Honeyflow.com | FAQ's | Community |

Part payment option or layby


#1

Hi Flow Team

I was wondering if you have considered offering a part payment option.

I think this would increase your perspective customers, such that those who don’t have cash reserves could pay off the Flow Hive over time.

Best wishes


#2

Old fashion “Lay by” - it would help some people


#3

Surely people could just use a credit card?
Why would you ask a new start-up company to accept the risk of default?


#4

Not everyone can afford out right payment or has the use of a credit card - Some people don’t even want a credit card


#5

The closest I have to a credit card is my bank card. I won’t ever have a CC again.

That being said usually you don’t get a lay away item until it is paid off so there is no real risk of default. But on the other side of the coin just save your money every month like you would with a lay away and pay cash/debit card when you have it saved up. In my mind it doesn’t seem to matter if Flow holds your money or you do, you still have to save the money one way or the other.


#6

Ah…I didn’t understand the Lay By concept. So Flow would keep the money and let you have the Item when they had the full amount.
I have never bothered with credit cards either. The only thing I ever bought on tick was the house.


#7

I feel like I should say that it could be a useful budgeting tool for some people though. So just because it wouldn’t help me I can’t say it wouldn’t help others.


#8

One option for potential customers would be to start off with a single locally sourced hive, build it up to a double hive in time, get some flow frames at a later date after that hive gets up & running.


#9

Dee Lay-by or Americans Lay-away is sort of hire purchase agreement - a bit like Littlewood’s were only you get the items when it is paid off.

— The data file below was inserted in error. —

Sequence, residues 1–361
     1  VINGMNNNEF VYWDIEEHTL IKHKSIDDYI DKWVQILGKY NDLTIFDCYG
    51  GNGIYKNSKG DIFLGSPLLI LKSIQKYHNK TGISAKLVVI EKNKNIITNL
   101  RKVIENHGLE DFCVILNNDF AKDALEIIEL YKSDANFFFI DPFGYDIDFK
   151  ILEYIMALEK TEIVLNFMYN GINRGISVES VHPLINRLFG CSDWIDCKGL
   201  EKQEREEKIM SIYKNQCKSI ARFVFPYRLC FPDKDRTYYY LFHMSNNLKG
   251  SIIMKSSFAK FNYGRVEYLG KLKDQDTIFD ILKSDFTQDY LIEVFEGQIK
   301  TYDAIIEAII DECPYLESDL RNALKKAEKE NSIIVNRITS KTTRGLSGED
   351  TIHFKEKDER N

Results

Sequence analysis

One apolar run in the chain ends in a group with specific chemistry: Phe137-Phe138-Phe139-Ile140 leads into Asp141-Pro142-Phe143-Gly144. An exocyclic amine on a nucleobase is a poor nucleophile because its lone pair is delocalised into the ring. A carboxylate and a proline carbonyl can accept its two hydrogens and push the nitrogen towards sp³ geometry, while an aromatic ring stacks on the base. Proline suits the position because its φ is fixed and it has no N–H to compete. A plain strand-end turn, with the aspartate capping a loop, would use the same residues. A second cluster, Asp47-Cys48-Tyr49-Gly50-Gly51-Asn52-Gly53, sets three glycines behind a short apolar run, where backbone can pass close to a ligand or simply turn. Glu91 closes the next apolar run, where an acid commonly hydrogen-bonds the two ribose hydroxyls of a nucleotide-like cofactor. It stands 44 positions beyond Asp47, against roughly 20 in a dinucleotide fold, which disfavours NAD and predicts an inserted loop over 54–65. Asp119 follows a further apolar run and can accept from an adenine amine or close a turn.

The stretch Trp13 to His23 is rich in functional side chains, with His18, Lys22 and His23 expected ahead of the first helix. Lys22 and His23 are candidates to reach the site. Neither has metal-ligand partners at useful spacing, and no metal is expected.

Quite common in Australia and US - you put a small amount each week and they guarantee to hold your goods in store.


#10

I suppose the one main reason I could see this being beneficial that I just thought about is price guarantee. Generally speaking an item on lay-away locks it’s price to the time of the agreement. So if you were going to buy a Flow hive the price would remain fixed until you paid it off. With the price of the Flow hive I could see it being a 6-9 month lay away for many people, and in that time the prices could possibly change.


#11

Here is a simple yet effective lay-away plan:
Take an envelope and mark “Flow Hive” on the outside. When you have spare change or cash just stick it in the envelope and write down the amount you put in and the current balance. When the balance matches the cost of the Flow Hive + shipping, send it to the Honey Flow team.


#12

A business model such as that is a complicated one for the company offering it and adds a considerable layer of overhead and complexity to the accounting system.

This is the 21st century. 50 years ago lay away plans on small local scale might have been common. But on a larger scale? Not anywhere I have seen. And not for decades now. A credit card is how to manage to leverage purchases now.

It’s fine if you don’t care to use that tool, but I don’t see a trend back to ole time layaway plans anytime soon. Just doesn’t make sense in this age.

Myself? I leverage my crefit cards for all the rewards they are worth and have left establishments that choose to run on a cash only basis. I require the ease of accounting and purchase protection offered by my card company.

I have debit cards but rarely use them except for cash withdrawls overseas. I don’t get any benefit when I do. I want my miles or rebates!


#13

That is why Spreadsheet and Databases are used - They do the work for you if anything it is quicker and easier. I used to teach application software - I also run my own books - way better these day as you can add complex accounting in and press a button to update - that is what you use every time you update a shopping cart on the internet - Databases linked to servers.


#14

Hi Dee

Of course anyone could try to save the money up by themselves, but people with less disposable income who are living from week to week, will more easily be tempted to dig into the savings.

best wishes


#15

There are savings and savings. Savings for a flow hive and savings for something else. Interchangeable if you change priorities. It’s a free world, in that respect.


#16

Hi Dee

You like to state the obvious, don’t you? :slightly_smiling:

You maybe different from me in this respect, but sometimes I buy things on impulse, without considering future consequences, or considering them, but choosing the pleasure of short term gratification and sometimes I pay a cost for that later. So, for people who do that too and don’t like it, or want to work for longer term benefits, giving up some short term ones, the money being held where it is not accessible, is useful.

For me spending the money on impulse for short term pleasure, is not called ‘savings’, but ‘spendings’.

best wishes